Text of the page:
The One that Got Away: The Need for Whistleblowers to Help Defrauded Investors
By the C|C Whistleblower Lawyer Team
On Friday March 3rd the SEC announced a settlement with Mexican homebuilding company Desarrolladora Homex S.A.B. de C.V. (“Homex”) on charges of reporting fake sales of more than 10,000 homes during a three-year period. Homex inflated the number of homes it sold by 317% and overstated its revenue by 355%, totaling approximately $3.3 billion. Homex declared bankruptcy in 2014. The settlement enjoins the company from violating the antifraud, reporting, and books and records provisions of federal securities law. Additionally, the settlement prohibits Homex from offering securities in the U.S. market for a minimum of five years.
This type of settlement illustrates the need for whistleblowers to bring a modicum of justice to defrauded investors who unknowingly relied on false financial results. The lack of a whistleblower here meant that the SEC investigation came too late for a monetary penalty because Homex declared bankruptcy in 2014. Had a whistleblower come forward in the early stages, the investing public potentially could have been vindicated by an SEC monetary penalty against a company committing an audacious fraud. The SEC’s investigation used newer technology like analysis software and satellite imagery but no technology replaces the value of a whistleblower in exposing a fraud.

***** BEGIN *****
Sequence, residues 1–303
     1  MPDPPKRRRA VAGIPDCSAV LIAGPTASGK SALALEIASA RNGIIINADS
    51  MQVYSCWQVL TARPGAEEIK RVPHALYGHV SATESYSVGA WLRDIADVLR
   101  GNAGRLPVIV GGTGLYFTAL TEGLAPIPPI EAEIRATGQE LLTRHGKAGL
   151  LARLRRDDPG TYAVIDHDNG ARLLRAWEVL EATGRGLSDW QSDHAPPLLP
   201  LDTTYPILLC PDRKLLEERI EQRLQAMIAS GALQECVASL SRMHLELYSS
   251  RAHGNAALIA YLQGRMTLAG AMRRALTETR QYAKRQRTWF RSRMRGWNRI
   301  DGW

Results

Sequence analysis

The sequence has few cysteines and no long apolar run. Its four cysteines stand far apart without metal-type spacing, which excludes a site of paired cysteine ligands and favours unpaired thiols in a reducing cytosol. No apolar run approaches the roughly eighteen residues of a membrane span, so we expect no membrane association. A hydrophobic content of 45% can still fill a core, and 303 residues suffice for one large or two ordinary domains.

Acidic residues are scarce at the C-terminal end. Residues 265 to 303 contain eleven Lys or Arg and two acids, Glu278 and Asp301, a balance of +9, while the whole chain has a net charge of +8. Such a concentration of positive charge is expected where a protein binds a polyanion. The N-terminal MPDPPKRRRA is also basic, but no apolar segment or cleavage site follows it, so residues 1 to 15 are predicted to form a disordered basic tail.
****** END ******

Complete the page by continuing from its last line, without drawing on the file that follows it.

The investing public will benefit from Homex being barred from trading securities in the U.S. market and an injunction from violating existing securities law. However, settlements like these that do not fully reassure the investing public that these types of fraud will result in financial penalties may deter future frauds. Whistleblowers have the unique ability to bring forward claims of fraud as they happen and as a result create a greater deterrent to fraud. There is no guarantee that a whistleblower bringing these claims to light earlier would have resulted in a financial penalty. However, the timing of the investigation by the SEC was necessarily slowed because it had to obtain all the information itself over an extended period of time. Time will tell if more whistleblowers will come forward in light of these types of “lighter” settlements against companies committing fraud.